Date Published: July 13, 2017
Publisher: Public Library of Science
Author(s): Michael Rosenberg, Katherine M. Steele, Steven Allen Gard.
Passive ankle foot orthoses (AFOs) are often prescribed for children with cerebral palsy (CP) to assist locomotion, but predicting how specific device designs will impact energetic demand during gait remains challenging. Powered AFOs have been shown to reduce energy costs of walking in unimpaired adults more than passive AFOs, but have not been tested in children with CP. The goal of this study was to investigate the potential impact of powered and passive AFOs on muscle demand and recruitment in children with CP and crouch gait. We simulated gait for nine children with crouch gait and three typically-developing children with powered and passive AFOs. For each AFO design, we computed reductions in muscle demand compared to unassisted gait. Powered AFOs reduced muscle demand 15–44% compared to unassisted walking, 1–14% more than passive AFOs. A slower walking speed was associated with smaller reductions in absolute muscle demand for all AFOs (r2 = 0.60–0.70). However, reductions in muscle demand were only moderately correlated with crouch severity (r2 = 0.40–0.43). The ankle plantarflexor muscles were most heavily impacted by the AFOs, with gastrocnemius recruitment decreasing 13–73% and correlating with increasing knee flexor moments (r2 = 0.29–0.91). These findings support the potential use of powered AFOs for children with crouch gait, and highlight how subject-specific kinematics and kinetics may influence muscle demand and recruitment to inform AFO design.
Crouch gait, characterized by excessive knee flexion during stance, is one of the most common gait patterns among individuals with cerebral palsy (CP) . Children with CP expend significantly more energy to walk than their typically-developing (TD) peers , which can hinder participation in activities of daily life. Increased knee flexion during crouch gait increases the muscle force required to support and propel the body [3–5], contributing to increased energy costs . While many treatments aim to improve crouch gait, ankle foot orthoses (AFOs) remain one of the most common interventions. AFOs are often prescribed for children with CP to improve gait kinematics, prevent bone deformities, and potentially reduce energy costs of walking [7, 8]. However, there are many different types of AFOs and their potential to reduce energy costs of walking remains unclear.
We simulated the effects of passive and powered AFOs on muscle demand and recruitment during walking in TD children and children with CP and crouch gait. We hypothesized that powered AFOs would reduce leg impulse more than passive AFOs. The simulation results supported this hypothesis, with leg impulse being reduced 1–15% more with powered AFOs than passive AFOs, supporting the potential use of powered AFOs as assistive devices for CP. Unlike passive AFOs, powered AFO torque profiles are independent of ankle kinematics which increases the ability to customize torque profiles to an individual’s gait pattern. We also found, as anticipated, that all AFO designs primarily impacted the ankle plantarflexor muscles; however, reductions in muscle impulse were only moderately correlated with crouch severity, emphasizing the diverse factors that influence an AFO’s impact on muscle demand, even among children with similar gait patterns.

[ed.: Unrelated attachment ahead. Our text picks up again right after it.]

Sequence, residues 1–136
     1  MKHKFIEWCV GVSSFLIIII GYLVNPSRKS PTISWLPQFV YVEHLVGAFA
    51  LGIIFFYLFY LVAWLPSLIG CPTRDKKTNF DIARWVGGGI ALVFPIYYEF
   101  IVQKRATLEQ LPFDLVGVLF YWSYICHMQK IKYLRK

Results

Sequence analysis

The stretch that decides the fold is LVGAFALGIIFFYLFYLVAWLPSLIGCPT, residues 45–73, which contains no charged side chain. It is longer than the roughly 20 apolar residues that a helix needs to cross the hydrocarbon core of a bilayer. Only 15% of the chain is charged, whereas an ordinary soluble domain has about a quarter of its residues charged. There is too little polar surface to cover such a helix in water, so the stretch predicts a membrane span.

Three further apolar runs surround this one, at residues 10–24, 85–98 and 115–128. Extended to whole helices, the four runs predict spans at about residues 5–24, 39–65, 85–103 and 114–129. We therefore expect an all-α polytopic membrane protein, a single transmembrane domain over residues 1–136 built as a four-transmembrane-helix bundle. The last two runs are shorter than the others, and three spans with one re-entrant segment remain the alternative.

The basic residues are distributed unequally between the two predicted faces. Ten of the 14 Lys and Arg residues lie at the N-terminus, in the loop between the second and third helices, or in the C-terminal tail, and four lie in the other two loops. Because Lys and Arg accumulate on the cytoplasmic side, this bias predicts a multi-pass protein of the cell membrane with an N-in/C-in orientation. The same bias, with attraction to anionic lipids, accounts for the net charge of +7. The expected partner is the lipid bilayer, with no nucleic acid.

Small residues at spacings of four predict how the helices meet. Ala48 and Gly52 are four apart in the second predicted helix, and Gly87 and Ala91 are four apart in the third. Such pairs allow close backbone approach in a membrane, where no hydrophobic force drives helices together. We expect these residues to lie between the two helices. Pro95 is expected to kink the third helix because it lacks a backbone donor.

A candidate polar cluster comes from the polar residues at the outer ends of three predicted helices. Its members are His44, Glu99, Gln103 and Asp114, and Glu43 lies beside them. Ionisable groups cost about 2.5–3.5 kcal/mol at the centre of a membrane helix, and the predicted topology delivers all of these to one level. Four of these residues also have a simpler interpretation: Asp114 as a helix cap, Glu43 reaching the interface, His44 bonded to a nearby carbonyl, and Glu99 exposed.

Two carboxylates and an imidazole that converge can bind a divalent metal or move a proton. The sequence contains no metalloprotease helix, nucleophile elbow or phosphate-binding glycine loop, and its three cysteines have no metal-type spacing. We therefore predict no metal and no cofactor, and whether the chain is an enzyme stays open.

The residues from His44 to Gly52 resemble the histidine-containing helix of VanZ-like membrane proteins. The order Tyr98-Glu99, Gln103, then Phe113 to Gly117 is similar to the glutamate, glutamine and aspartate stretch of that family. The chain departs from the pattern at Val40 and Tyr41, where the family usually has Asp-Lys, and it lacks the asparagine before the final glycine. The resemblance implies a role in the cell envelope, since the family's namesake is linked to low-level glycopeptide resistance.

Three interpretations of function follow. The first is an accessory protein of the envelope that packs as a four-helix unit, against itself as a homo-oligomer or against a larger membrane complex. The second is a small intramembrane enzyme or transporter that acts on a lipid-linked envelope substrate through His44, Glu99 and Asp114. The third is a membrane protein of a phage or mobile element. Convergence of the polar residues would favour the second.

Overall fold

Optimizing the design of powered or passive AFOs has the potential to reduce muscle demand and improve metabolic efficiency for children with CP, even without changes in an individual’s gait pattern. These changes are clinically important because children with CP have inefficient gait patterns compared to TD peers and optimizing AFOs to reduce energy costs may reduce fatigue and increase participation in daily life. Musculoskeletal simulation provides a platform to evaluate and test AFO designs and inform training by predicting optimal patterns of muscle recruitment. Although crouch gait represents one of the most common gait pathologies in CP , many other common gait pathologies exist that could benefit from similar analyses. Further understanding of the role of concomitant impairments such as muscle weakness, spasticity, or contracture represent important areas for future investigation. To encourage expansion of musculoskeletal simulation to assistive device applications, we have made our simulations available for others to use and build upon (https://simtk.org/projects/crouchgait). Adaptation to and optimization of AFOs remain challenging topics [9, 52], and future work comparing predictions with experimental tests will further enhance these methods. This study informs future clinical design and prescription of AFOs for children with CP and motivates further investigation into powered AFOs as assistive devices for children with CP.